|Title||The cyclical dynamics and volatility of Australian output and employment|
|Authors||Dixon, R. and Shepherd, D.|
In this paper we examine the volatility of aggregate output and employment in Australia with the aid of a frequency filtering method (the Butterworth filter) that allows each time series to be decomposed into trend, cycle and noise components. This analysis is compared with more traditional methods based simply on the examination of first differences in the logs of the raw data using cointegration-VAR modelling. We show that the application of univariate AR and bivariate VECM methods to the data results in a detrended series which is dominated by noise rather than cyclical variation and gives break points which are not robust to alternative decomposition methods. Also, our conclusions challenge accepted wisdom in relation to output volatility in Australia which holds that there was a once and for all sustained reduction in output volatility in or around 1984. We do not find any convincing evidence for a sustained reduction in the cyclical volatility of the GDP (or employment) series at that time, but we do find evidence of a sustained reduction in the cyclical volatility of the GDP (and employment) series in 1993/4. We also find that there is a clear association between output volatility and employment volatility. We discuss the key features of the business cycle we have identified as well as some of the policy implications of our results.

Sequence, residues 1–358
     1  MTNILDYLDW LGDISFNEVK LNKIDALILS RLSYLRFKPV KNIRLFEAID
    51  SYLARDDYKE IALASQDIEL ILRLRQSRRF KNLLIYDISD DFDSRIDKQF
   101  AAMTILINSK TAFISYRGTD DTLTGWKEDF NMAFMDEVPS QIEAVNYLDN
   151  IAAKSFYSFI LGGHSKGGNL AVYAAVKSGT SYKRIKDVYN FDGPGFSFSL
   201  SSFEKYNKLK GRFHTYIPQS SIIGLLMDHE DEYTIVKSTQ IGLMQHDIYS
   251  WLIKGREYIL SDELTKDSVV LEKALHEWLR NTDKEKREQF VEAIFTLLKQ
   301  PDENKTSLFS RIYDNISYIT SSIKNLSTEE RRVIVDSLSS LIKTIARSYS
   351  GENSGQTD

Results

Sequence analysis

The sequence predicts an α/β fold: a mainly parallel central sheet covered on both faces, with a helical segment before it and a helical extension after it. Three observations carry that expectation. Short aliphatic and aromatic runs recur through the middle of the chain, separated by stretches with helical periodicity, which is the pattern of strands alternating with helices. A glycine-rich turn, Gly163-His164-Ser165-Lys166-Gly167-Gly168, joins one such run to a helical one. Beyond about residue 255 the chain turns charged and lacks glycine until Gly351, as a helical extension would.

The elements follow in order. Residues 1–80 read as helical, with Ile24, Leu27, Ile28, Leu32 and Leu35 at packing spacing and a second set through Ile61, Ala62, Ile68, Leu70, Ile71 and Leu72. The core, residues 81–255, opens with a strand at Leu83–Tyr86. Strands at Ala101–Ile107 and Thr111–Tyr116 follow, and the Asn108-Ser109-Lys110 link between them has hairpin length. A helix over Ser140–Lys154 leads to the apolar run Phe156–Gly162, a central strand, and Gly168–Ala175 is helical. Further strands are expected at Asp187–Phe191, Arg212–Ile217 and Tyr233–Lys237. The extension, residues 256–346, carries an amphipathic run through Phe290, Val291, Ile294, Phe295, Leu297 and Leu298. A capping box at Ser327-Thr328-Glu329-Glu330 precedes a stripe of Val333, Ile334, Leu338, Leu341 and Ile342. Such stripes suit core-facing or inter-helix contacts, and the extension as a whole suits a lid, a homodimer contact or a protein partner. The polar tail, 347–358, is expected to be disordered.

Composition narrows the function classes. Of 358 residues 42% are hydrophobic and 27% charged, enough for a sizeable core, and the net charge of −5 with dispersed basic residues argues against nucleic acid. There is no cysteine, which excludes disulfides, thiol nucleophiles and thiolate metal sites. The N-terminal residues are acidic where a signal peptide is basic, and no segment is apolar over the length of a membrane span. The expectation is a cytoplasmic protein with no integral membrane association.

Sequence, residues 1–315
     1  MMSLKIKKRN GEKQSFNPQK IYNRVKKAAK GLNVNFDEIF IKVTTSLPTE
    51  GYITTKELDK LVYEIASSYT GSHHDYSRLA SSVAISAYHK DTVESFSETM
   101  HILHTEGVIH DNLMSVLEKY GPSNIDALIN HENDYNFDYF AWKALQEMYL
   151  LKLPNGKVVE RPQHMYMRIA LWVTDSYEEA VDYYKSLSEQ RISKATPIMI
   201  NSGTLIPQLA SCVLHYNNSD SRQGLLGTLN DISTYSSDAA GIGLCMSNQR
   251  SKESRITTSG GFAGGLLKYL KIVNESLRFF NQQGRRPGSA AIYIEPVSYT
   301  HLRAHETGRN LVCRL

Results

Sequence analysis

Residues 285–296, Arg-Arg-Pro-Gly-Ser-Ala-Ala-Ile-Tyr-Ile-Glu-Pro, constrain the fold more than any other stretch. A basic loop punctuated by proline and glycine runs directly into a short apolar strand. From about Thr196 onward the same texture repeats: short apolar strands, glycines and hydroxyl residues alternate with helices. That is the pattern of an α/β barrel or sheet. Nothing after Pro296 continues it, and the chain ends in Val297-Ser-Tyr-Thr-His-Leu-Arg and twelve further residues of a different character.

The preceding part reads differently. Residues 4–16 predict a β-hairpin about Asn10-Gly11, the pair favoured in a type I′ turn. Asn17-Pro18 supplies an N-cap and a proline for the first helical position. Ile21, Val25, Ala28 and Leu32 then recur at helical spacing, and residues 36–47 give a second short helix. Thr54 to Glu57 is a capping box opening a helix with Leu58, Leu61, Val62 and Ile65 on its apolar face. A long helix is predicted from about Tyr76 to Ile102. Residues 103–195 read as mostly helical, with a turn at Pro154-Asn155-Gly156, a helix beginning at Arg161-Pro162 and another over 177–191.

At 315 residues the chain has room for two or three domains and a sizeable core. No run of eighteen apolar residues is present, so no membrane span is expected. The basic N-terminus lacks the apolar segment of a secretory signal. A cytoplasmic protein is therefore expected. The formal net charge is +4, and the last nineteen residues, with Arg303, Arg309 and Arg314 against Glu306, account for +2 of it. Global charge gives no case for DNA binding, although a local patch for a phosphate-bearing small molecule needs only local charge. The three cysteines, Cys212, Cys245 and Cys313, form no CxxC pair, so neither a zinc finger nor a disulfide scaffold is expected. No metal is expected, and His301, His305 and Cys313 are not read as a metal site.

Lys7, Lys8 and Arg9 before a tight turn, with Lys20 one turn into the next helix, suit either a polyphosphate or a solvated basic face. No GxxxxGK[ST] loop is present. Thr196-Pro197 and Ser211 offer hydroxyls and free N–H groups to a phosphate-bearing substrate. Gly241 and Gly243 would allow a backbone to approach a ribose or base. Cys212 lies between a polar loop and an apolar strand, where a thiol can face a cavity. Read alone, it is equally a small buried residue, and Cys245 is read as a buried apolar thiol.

|Keywords||Business cycles, volatility, inflation targeting, Australia|
|Publisher||Department of Economics, University of Melbourne|
|Place of publication||Melbourne, Australia|
|Web address (URL)||http://www.economics.unimelb.edu.au/SITE/research/workingpapers/wp06/968.pdf|